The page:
Date posted: January 5, 2014
Figures publicized by the Central Bank of Turkey have contradicted government claims that the corruption and bribery investigation launched on Dec. 17 was a plot created by the so-called interest and foreign exchange lobbies.
Interior Minister Efkan Ala, only days after he was named to replace the embattled Muammer Güler, whose son has been detained for alleged involvement in bribery, claimed to have documents proving that such lobbies were behind an organized coup attempt. He said some banks had collected massive amounts of dollars from the markets before the graft probe started and that he had evidence to back this claim. But the central bank’s figures released on Friday showed there had been no extraordinary money transfers and that no investor had collected unusual sums of foreign currency.
According to the central bank’s figures, there had been no outstanding increase in foreign currency deposits in the banks during some weeks before the investigation started. However, once the investigation became public, jittery investors rushed to dollars and euros in panic, fearing that the corruption probe would spill over into political chaos. These figures did not support Ala’s claims that some banks bought in advance, with foreknowledge of the probe.
Ala’s remarks were widely interpreted as a reference to Bank Asya, a participation bank affiliated with the Hizmet movement, which the government has tried to scapegoat through conspiracy theories to evade corruption allegations. Some news stories broke soon after Ala’s claims, reporting that Bank Asya’s accounts were being scrutinized for misconduct.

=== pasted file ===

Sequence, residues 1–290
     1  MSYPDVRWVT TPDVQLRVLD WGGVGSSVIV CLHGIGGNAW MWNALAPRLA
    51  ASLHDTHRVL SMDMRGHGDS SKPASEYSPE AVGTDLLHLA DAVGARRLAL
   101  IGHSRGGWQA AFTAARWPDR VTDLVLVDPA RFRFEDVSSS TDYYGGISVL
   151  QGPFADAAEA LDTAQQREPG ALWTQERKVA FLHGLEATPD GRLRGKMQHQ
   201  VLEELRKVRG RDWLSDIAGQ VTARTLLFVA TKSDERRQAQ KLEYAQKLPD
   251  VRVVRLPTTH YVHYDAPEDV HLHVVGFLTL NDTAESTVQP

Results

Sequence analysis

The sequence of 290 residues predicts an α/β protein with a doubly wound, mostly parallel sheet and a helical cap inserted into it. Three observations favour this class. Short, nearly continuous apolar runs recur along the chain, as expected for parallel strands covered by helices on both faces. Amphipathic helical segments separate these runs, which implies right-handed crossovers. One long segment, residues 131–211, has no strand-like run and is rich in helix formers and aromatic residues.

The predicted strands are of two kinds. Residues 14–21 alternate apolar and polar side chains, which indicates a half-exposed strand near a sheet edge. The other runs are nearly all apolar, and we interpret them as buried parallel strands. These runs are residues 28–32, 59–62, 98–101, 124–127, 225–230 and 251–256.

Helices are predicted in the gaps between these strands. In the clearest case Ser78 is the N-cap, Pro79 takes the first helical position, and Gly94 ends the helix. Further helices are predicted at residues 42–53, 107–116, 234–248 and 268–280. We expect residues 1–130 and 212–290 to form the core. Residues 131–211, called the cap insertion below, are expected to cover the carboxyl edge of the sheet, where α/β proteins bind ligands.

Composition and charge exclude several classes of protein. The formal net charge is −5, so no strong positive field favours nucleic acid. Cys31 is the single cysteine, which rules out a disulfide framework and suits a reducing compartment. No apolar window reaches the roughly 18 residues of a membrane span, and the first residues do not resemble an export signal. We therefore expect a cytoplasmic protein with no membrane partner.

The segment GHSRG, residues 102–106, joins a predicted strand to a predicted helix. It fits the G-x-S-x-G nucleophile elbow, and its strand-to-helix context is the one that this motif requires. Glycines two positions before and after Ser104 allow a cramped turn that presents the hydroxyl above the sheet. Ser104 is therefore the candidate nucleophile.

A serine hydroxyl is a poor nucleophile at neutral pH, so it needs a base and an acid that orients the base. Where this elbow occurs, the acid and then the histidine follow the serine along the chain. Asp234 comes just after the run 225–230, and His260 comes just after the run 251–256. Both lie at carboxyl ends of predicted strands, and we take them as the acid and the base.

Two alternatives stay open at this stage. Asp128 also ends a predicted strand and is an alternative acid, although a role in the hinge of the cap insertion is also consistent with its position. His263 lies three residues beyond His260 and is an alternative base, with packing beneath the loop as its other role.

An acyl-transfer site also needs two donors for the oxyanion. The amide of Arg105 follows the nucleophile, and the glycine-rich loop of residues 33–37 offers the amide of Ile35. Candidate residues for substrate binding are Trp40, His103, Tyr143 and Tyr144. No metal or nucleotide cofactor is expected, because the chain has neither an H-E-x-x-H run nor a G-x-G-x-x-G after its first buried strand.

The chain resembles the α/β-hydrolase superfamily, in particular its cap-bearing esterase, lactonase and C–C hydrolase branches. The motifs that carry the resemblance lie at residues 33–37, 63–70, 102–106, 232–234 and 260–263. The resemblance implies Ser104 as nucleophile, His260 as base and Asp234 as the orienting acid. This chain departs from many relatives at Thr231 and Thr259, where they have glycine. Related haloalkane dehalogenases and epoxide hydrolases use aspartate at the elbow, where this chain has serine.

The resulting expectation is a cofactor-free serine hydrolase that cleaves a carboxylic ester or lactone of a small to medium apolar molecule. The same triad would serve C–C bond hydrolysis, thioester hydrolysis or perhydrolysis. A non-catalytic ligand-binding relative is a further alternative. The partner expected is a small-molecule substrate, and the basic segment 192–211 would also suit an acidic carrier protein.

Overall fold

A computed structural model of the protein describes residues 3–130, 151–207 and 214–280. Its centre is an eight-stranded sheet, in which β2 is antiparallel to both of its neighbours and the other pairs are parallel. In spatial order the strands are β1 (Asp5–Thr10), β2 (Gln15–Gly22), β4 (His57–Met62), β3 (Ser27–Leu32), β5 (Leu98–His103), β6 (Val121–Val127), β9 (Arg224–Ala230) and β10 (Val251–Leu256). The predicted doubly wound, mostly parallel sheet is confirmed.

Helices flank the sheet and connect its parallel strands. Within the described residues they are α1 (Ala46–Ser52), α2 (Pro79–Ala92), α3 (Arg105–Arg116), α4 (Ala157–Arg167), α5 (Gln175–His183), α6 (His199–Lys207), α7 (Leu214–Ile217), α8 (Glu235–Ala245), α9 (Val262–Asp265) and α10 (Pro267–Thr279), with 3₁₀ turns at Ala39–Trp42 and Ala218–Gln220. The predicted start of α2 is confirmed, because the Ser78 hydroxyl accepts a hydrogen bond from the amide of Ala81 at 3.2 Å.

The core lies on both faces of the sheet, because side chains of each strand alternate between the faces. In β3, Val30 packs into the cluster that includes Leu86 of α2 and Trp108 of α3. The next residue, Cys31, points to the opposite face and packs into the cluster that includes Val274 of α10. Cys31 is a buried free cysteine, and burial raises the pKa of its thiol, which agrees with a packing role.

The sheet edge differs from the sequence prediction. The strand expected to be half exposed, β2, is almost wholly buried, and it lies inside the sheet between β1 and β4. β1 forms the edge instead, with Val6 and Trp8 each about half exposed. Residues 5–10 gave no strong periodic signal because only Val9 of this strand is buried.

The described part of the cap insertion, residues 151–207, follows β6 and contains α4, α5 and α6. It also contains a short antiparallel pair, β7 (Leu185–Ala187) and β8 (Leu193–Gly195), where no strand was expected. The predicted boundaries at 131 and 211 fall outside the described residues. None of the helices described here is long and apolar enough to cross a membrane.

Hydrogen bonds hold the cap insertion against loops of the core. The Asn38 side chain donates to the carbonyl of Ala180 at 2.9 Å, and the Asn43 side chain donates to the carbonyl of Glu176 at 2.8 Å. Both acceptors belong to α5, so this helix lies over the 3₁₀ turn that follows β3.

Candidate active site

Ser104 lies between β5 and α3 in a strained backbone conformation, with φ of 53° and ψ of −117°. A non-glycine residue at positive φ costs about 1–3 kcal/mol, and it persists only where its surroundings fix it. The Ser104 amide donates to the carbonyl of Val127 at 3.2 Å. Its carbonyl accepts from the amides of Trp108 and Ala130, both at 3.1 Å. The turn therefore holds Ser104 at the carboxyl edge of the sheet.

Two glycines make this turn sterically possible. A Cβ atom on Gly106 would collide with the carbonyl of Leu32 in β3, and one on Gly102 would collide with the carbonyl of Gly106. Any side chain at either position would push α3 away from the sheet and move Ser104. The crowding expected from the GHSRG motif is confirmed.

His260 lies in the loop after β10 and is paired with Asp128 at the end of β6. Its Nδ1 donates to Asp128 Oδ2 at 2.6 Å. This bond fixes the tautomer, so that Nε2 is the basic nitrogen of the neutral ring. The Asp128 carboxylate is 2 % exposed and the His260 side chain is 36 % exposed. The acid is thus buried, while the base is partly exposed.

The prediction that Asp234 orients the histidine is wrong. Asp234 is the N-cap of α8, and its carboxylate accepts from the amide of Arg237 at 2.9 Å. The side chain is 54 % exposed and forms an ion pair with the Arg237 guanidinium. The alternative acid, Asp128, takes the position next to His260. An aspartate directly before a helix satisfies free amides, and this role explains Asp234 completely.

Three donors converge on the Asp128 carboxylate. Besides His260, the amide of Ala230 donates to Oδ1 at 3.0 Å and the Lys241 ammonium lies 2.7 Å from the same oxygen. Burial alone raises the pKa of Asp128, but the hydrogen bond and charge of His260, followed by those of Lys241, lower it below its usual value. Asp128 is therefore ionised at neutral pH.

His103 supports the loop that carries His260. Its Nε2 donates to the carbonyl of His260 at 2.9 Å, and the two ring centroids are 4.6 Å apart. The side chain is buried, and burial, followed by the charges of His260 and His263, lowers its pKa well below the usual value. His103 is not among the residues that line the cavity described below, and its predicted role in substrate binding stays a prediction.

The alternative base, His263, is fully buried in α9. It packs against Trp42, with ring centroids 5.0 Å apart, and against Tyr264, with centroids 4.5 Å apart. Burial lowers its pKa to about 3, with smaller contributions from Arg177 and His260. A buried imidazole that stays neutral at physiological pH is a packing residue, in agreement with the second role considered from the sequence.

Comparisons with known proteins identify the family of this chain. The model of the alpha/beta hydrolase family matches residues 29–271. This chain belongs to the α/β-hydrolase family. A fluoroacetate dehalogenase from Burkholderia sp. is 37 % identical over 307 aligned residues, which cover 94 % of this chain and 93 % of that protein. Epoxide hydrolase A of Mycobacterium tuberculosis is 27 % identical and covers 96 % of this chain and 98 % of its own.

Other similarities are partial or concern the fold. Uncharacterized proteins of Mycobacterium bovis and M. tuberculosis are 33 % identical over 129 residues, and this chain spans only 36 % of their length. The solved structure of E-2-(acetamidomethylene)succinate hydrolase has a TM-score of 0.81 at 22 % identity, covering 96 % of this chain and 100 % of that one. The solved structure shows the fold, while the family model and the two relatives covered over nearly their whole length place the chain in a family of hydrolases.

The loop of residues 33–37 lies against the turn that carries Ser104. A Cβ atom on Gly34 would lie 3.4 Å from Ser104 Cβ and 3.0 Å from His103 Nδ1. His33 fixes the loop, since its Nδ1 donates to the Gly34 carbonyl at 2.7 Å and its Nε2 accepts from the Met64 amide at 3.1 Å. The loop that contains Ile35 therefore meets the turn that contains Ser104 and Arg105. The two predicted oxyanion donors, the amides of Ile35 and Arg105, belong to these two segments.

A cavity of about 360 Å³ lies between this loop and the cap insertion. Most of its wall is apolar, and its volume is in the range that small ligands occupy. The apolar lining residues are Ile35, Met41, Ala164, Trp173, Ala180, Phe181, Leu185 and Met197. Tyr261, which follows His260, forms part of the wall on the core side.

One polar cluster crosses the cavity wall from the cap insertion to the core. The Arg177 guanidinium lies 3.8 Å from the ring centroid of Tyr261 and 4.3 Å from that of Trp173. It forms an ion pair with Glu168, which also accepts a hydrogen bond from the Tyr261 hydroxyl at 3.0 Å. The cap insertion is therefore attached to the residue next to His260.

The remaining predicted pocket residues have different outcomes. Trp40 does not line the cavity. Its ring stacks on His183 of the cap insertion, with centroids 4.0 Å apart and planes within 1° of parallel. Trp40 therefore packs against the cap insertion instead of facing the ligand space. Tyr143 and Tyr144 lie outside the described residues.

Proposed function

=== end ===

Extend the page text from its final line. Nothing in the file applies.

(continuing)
Prime Minister Recep Tayyip Erdoğan and some other Cabinet members made similar accusations during the Gezi Park protests last year, saying that the riots were instigated by a shadowy interest lobby with origins abroad. The Banking Regulation and Supervision Agency (BDDK), the Capital Markets Board (SPK) and the Finance Ministry conducted discrete investigations to find traces of these lobbies behind the demonstrations, but none of them could produce any proof that the activity in the foreign currency market, bond market or stock market was unusual.
The central bank’s figures showed that in the week from Dec. 6-13, the size of foreign currency deposits in Turkish banks rose by only $187 million to reach $154.4 billion. In this period, the currency rates also stayed steady, one dollar edging up only 1.4 kuruş from TL 2.0257 to TL 2.0390. On Dec. 16, the eve of the investigation, the dollar’s value fell slightly to TL 2.0260, when the central bank pumped $180 million through open market operations, facing little demand.
But this relatively quiet atmosphere broke on Dec. 17, and the dollar climbed rapidly with news that the investigation had named figures close to some Cabinet members and might even implicate some ministers themselves. In the week of Dec. 16-20, the sum of foreign exchange deposits in the country surged by $1.85 billion to hit $156.3 billion, the central bank’s data displayed.